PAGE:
The entertainment and celebrity industries will glamorize those who have the power to do whatever they want—i.e., have all their demands met—far more often than glamorize those who have the will to do what they should for the benefit of or in recognition of others.

Entitlement programs expand, e.g., for non-citizens, with a corresponding successful expansion of what is needed to sustain the wellsprings of national wealth required to pay for them (although it must be allowed that some such programs may, in the long run, pay for themselves in terms of enabling their beneficiaries to make eventual contributions to national wealth, in the form of taxes and talent, while becoming trackable and traceable within that framework, rather than entirely undocumented).

“I have needs that other humans cannot satisfy as completely as non-human suppliers can” becomes a core mantra, which has as its corollary “I am unwilling or unwelcome to meet those same needs in other humans”. Those other humans range from employers who cannot or will not offer a job to flesh-and-blood singles who prefer steel and plastic-mediated companionship and kids who prefer playstations to playmates.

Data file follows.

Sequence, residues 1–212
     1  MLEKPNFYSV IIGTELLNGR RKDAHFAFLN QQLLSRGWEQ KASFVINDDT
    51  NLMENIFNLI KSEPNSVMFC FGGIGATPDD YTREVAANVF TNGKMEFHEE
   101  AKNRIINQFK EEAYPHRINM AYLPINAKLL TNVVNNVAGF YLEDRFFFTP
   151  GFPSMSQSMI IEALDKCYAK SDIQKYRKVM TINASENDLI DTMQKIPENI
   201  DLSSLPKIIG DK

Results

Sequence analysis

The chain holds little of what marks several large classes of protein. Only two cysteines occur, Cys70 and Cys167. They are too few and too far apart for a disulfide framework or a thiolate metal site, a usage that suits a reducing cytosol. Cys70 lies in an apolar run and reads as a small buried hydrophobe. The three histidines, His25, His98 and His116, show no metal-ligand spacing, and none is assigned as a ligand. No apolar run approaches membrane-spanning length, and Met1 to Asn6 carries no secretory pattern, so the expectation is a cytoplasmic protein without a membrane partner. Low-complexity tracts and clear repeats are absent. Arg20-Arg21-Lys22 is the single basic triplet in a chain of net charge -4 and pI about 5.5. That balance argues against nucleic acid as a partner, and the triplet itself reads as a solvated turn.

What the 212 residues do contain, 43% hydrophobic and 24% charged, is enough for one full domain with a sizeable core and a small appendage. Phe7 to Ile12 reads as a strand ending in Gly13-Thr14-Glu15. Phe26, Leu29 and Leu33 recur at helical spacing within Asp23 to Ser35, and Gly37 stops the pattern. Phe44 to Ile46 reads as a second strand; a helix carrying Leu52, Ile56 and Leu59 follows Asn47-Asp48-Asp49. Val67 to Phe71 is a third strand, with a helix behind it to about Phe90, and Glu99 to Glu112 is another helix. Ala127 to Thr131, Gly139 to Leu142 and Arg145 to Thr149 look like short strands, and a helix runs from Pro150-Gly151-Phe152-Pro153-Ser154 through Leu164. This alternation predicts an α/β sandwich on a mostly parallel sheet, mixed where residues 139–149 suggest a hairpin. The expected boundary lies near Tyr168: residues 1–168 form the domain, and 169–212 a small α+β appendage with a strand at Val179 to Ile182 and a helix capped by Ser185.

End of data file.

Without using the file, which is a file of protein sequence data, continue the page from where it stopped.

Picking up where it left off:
In citing the eerie and disturbing parallels between “all demand-no supply” values and trends in technology, social welfare, ethics, employment, entertainment, personality structure and social relations, I feel I’ve identified a core feature of an emerging zeitgeist.

As such, it is a pervasive theme, paradigm and set of values that define the spirit and direction of an historical era, much as the mantra of “survival of the fittest” or the social-industrial-technological extension of the icon and paradigm of the web or clock have at various times and places in the past 200 years.

In presenting these ideas and tacit warnings, I am hoping not only that some of the less appealing aspects of an “all demand-no supply” era will be recognized and addressed, but also that my presentation of them will not amount to the opposite….

…An “all supply-no demand” article read by no one but me and an editor.